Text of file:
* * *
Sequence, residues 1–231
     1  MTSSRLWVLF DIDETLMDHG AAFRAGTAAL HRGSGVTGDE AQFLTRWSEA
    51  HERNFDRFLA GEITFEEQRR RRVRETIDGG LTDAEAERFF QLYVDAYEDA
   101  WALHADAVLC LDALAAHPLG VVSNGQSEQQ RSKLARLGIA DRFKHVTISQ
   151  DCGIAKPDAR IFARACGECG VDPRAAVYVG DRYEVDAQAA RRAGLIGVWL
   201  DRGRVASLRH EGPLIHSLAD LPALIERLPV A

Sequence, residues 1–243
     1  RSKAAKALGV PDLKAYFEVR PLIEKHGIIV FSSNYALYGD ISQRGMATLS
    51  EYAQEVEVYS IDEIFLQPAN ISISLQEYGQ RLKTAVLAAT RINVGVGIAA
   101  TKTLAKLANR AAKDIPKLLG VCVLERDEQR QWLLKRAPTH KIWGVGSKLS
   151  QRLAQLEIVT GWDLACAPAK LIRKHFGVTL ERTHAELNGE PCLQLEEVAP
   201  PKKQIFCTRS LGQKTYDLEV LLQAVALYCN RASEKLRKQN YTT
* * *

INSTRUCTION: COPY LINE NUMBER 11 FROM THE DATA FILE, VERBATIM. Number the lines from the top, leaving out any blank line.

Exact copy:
   151  QRLAQLEIVT GWDLACAPAK LIRKHFGVTL ERTHAELNGE PCLQLEEVAP